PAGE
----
In the summer (fall?) of 2009 I went on a ride-along with the Chula Vista Police Department. I was about half finished with THE EDGE OF NIGHT. I think it took several weeks to make the arrangements. I had to put in a formal request and they probably did a background check on me. Despite my youthful indiscretions, I was cleared!
On a side note, I also toured the San Ysidro Port of Entry on the US/Mexico border in 2010. The process for that visit was much more stringent and the officers were very formal. I wasn’t allowed to take pictures and many of my questions were dodged. Homeland Security is serious!!
Anyway, I mention that because I had a very different experience at the CVPD. Everyone went out of their way to be helpful and there were no dismissive attitudes about my work or the romance genre. Perhaps because I visited on a slow night, the officers had time to indulge my questions.
Shifts for the Gang Suppression Unit/Street Team begin in the afternoon, so I was instructed to arrive before 3 p.m. on Saturday. Chula Vista is about an hour from Fallbrook, where I live, and I don’t have cause to visit this area very often. I’d taken my daughters to the Chula Vista Nature Center a few weeks before. I drove around a bit and saw the nicer neighborhoods on the east side.
When I arrived at the station I waited outside these doors until a uniformed officer let me in and took me up to meet the gang unit! It was very exciting. I spoke with Sergeant Powers, the head of that unit, for over an hour. He answered every question I could think of. We spoke about everything from what kind of guns the officers carry and day-to-day operations to local gangs and special investigations. No question was too big or too little.
Then it was time for the ride along! Powers introduced me to Officer Isabel Chavez, a member of the Street Team. Although THE EDGE OF NIGHT features a male police officer, I was delighted to have the opportunity to pick the brain of a lady officer. She was very personable and professional. I admire her bravery because this is a job that few people, male or female, have the guts to do. Solving crimes appeals to me and I love forensic science but I could never be a beat cop. The stress would kill me.
Speaking of stress, I’d been in the squad car with Officer Chavez for a few minutes, asking questions about technology and whatnot, when she gave me safety instructions. If she pulled anyone over, I was to get out and stand behind the open passenger door where I would be less of a target. In the event that shots were fired, she showed me an emergency button or something like that. I can’t remember because I was getting nervous, imagining worst-case scenarios. My husband hadn’t wanted me to do this ride along! And I’d reassured him that everything would be fine.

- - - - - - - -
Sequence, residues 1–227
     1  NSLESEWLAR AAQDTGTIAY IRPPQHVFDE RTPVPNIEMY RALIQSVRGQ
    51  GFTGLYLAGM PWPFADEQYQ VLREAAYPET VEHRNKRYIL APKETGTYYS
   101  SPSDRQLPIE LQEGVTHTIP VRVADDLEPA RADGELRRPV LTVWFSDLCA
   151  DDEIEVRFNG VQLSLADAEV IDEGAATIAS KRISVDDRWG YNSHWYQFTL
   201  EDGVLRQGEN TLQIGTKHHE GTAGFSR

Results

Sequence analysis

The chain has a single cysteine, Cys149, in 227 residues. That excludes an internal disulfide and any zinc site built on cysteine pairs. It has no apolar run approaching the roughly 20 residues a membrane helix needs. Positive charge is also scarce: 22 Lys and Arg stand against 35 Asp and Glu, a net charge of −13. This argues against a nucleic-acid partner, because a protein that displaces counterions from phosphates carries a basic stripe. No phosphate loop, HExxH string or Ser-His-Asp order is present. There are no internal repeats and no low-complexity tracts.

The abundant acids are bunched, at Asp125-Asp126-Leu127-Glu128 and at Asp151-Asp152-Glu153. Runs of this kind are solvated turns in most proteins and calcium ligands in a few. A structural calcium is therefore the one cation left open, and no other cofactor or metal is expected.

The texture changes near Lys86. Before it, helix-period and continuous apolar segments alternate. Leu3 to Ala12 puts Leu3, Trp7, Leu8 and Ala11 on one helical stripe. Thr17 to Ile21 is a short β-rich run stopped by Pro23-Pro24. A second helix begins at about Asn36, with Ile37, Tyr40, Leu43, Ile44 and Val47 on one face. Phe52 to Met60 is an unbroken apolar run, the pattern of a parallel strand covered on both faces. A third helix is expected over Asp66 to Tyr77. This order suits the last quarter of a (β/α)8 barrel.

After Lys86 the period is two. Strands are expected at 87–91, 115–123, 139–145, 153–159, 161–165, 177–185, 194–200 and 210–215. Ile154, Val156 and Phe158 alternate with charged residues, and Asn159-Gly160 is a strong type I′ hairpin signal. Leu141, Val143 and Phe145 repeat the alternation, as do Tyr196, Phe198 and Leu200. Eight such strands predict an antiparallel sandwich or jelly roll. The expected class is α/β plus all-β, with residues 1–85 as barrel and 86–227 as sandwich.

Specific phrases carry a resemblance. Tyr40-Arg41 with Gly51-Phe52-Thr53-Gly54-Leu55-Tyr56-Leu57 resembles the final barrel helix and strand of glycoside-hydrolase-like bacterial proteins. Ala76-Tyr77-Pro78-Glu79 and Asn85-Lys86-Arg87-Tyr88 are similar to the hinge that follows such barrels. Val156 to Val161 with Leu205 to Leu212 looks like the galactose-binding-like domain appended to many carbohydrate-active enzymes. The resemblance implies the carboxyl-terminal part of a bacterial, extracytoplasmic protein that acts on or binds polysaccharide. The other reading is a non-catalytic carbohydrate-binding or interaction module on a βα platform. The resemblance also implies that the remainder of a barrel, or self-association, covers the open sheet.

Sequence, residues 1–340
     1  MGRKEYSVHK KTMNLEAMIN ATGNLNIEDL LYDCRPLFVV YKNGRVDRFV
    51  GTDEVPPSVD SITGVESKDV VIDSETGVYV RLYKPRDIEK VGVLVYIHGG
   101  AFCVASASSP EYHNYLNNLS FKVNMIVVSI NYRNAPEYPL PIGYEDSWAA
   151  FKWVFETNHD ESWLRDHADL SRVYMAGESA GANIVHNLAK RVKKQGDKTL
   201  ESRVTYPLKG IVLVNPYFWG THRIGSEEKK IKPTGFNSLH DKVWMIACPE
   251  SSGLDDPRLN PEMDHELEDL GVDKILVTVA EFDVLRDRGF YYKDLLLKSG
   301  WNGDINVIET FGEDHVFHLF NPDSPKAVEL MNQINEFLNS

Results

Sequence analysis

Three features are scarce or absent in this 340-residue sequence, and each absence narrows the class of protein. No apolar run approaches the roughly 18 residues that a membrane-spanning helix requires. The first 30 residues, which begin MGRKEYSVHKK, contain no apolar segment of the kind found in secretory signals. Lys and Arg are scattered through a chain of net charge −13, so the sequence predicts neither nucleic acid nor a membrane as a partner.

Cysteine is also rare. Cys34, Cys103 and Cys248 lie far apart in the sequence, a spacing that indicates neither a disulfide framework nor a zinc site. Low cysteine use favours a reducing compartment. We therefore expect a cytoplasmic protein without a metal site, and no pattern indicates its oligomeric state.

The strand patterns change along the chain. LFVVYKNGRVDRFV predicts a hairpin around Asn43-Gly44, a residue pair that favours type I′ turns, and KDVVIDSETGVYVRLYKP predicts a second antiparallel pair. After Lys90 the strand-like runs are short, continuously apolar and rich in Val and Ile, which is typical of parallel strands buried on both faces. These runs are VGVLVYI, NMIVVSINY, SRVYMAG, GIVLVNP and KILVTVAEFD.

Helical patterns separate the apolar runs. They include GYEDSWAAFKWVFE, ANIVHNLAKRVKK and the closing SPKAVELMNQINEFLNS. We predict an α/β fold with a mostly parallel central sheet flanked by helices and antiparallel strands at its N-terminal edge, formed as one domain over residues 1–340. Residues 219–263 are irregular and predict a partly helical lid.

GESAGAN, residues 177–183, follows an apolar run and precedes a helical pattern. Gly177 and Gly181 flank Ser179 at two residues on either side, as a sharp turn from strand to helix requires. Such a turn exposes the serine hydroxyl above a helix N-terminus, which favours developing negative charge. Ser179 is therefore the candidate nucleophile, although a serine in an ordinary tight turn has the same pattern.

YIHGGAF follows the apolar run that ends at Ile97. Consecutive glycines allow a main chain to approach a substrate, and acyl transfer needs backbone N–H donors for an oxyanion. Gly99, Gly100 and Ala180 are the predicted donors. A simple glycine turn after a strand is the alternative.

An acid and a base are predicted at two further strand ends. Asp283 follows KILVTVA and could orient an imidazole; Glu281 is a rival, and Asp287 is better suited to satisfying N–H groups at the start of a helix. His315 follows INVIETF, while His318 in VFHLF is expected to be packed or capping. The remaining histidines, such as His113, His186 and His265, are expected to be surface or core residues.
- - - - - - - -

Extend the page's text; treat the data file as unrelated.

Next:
Okay, so about five seconds later, Officer Chavez flips on her lights and pulls over three young men in a car, one Hispanic and two African-American. I have no idea what’s going on and she doesn’t tell me. As she gets out and approaches the driver’s side, her hand hovering near her service weapon, I try to remember what I’m supposed to do. Press buttons? Stay inside? Run away? Panic!
I get out of the squad car and stand behind the open door, my heart racing. She does her thing, checking the interior of the car and asking questions. The minutes tick by. Soon the black men are sitting on the curb a few feet away from me. I feel like I’m being rude by not making polite conversation, but I’m not sure what to say. “Excuse me, are you under arrest?”
This is taking a long time and I’m getting hungry. I decide it’s safe to sit in the passenger side of the squad car. I eat a slice of cold pizza I brought from home. The driver, a Hispanic teenager, is handcuffed and put in the backseat. Again, I feel awkward. I’m dying to ask him what he did. Officer Chavez is still outside, talking to the other guys and searching the vehicle or whatever.
Finally I finish my pizza and sneak a glance at the boy. He’s painfully thin and looks so nervous it breaks my heart. Getting arrested is awful and I feel sorry for him. I ask him what his name is. “Eric,” he replies. Now, I’ve already created my character so this is just a coincidence. This boy isn’t my Eric. He doesn’t look tough, he has no tattoos (that I recall) and he couldn’t beat up a cat. There are similarities, though. I think he was 20. He was polite and quiet.
Turns out that he was arrested for drug possession. I don’t know how much to reveal about the arrest because of legal issues (I might have already said too much in using a first name) but marijuana was involved. Unfortunately, the boy also had a tiny amount of another substance (half a pill). That little bit was enough for a felony arrest.
Can you imagine? A felony arrest for half a pill. And I think he’d been pulled over, two blocks from the station, because one of his friends wasn’t wearing a seatbelt.
Processing this arrest took a few hours. Officer Chavez did some sort of chemical testing on the substances and showed me how they process evidence. It was very interesting.
The amount of paperwork required was less interesting. I sat in the holding area for a long time, scribbling in my notebook. Nothing else of note happened that night. Officer Chavez and I spoke at length about a broad range of topics, including my travels in Mexico. She was friendly and I liked her. Near the end of the shift she took me around to the graffiti hotspots so I could take pictures.
For some reason I can’t find most of those shots. There were no artistic masterpieces a la Eric Hernandez from THE EDGE OF NIGHT. It occurs to me now that many of the fictional liberties I took with Chula Vista were positive. I might have exaggerated the rough neighborhoods, but I romanticized other details.
Thanks for stopping by! Hope you’ve enjoyed this glimpse behind the scenes.